Sharpening your blade
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Taking care of your cutting blade
by David Walker

When I first started doing Marquetry in 1981, I started with a kit as do many other folk. The instructions given were really minimal and although my first picture from a box whetted my appetite I was disappointed with the result. I found it increasingly difficult to cut veneer without splitting it and I was wasting more veneer than I had. In fact I ran out of veneer because the manufacturers of the boxes only put into the kit enough to complete the picture.

They didn’t think about the absolute beginner who split veneer and finally ran out. It wasn’t until I joined Redbridge Marquetry Group that I realised what I was doing wrong. In fact if I had thought it through I would have realised quite quickly – my cutting blade had either blunted or tipped at the point (snapped off) I recently came across a member who complained that he was using too many blades.

When I asked him what he did when the blade became blunt or damaged he said that he replaced it. I asked him why he replaced it rather than sharpened it and he said that he didn’t know that the blades we use could be sharpened because no one had shown him! Shame on his instructors. So here are a few tips that should help you cut veneer without splitting it.

Professional veneer preparers tend not to use scalpels and scalpel blades. They prefer to use their own tools, more often than not a steel hacksaw blade with the teeth ground off fashioned into a knife shape and honed on a stone into a razor sharp cutting edge.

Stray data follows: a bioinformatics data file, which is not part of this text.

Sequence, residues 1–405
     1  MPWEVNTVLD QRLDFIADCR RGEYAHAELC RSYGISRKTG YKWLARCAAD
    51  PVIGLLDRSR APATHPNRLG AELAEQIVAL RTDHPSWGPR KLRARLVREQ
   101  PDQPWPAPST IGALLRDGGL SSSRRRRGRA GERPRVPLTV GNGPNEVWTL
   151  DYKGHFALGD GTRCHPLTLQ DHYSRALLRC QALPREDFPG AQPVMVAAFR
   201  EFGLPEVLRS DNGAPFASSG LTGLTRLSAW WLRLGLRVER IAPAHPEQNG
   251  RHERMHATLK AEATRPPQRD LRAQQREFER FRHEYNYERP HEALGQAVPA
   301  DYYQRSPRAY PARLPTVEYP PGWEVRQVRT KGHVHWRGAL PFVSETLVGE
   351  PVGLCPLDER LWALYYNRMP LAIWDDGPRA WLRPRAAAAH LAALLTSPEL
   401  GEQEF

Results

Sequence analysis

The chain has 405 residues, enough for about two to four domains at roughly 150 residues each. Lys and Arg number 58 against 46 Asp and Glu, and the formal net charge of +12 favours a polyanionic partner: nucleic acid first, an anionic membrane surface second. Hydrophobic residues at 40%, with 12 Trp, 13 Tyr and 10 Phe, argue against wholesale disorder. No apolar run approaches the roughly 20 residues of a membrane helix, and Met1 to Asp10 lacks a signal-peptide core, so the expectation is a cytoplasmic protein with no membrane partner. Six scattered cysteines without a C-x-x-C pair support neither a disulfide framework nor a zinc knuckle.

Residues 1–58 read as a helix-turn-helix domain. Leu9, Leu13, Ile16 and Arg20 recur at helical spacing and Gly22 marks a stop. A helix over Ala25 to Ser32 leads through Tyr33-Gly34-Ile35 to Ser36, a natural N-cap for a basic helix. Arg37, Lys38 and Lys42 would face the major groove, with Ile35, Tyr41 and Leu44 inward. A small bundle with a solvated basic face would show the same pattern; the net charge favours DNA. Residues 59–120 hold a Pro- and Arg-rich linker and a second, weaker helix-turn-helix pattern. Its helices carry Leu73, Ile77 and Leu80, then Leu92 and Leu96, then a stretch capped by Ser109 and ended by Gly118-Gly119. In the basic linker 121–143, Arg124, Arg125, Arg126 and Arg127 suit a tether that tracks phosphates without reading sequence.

Marquetarians more often than not do not posses the skill to sharpen hacksaw blades to an acceptable edge and so use a variety of different knives and scalpels.

I would not promote one above the other; each has both advantages and disadvantages. It really all boils down to personal choice and what works best for you. Here are a few of the knives that I possess. Fig.1.

My favourite is the brass handled one. Blades come in different shapes and sizes but I prefer the E11 hollow ground one which gives a very fine cut. I tend to advise beginners not to go for the hollow ground blade as it is very susceptible to tipping.

They do not like the undue pressure that beginners tend to exert. The normal E11 blade is a good starter and if you cannot obtain some at your club they can usually be bought at a good class stationers or art shop.
Blades care fig 1
Blades care fig 2 

The first lesson with blades is to warn the beginner that a scalpel blade is extremely sharp.

I normally show them the scar on the middle finger of my left hand which ‘got in the way’ of my scalpel blade early in my Marquetry career!

I was using a steel rule to cut a straight line when the blade hit a knot in the wood, jumped up, across the steel rule across the finger nail and down my finger to the first knuckle.

The amazing thing was that it didn’t hurt - for about three seconds! I must say that ‘once bitten, twice shy’. I always remember that when I am using a steel rule to cut a long straight edge.

So beware of the blade, it is super sharp. The next lesson is how to insert the blade in the holder. Again, make sure that the blade is not held with the edge between thumb and finger.

I keep a small pair of pliers with which I grasp the blade and slide it into the holder Fig 2.

I prefer to have a large proportion of the blade free of the holder but not so much that it bends when cutting.

Beginners find that a blade pushed further into the holder will ensure that the tip will not snap so easily.

Ensure that the tightening nut or device is screwed up very tightly so that the blade will not move in the holder. Fig 3


A new E11 blade properly secured and used without undue pressure will last for a long time. I then strop the blade on a piece of leather to give it an extra keenness. Fig 4.

Once this has been done you can see a bright edge appearing on the already sharp blade.                      Fig 5.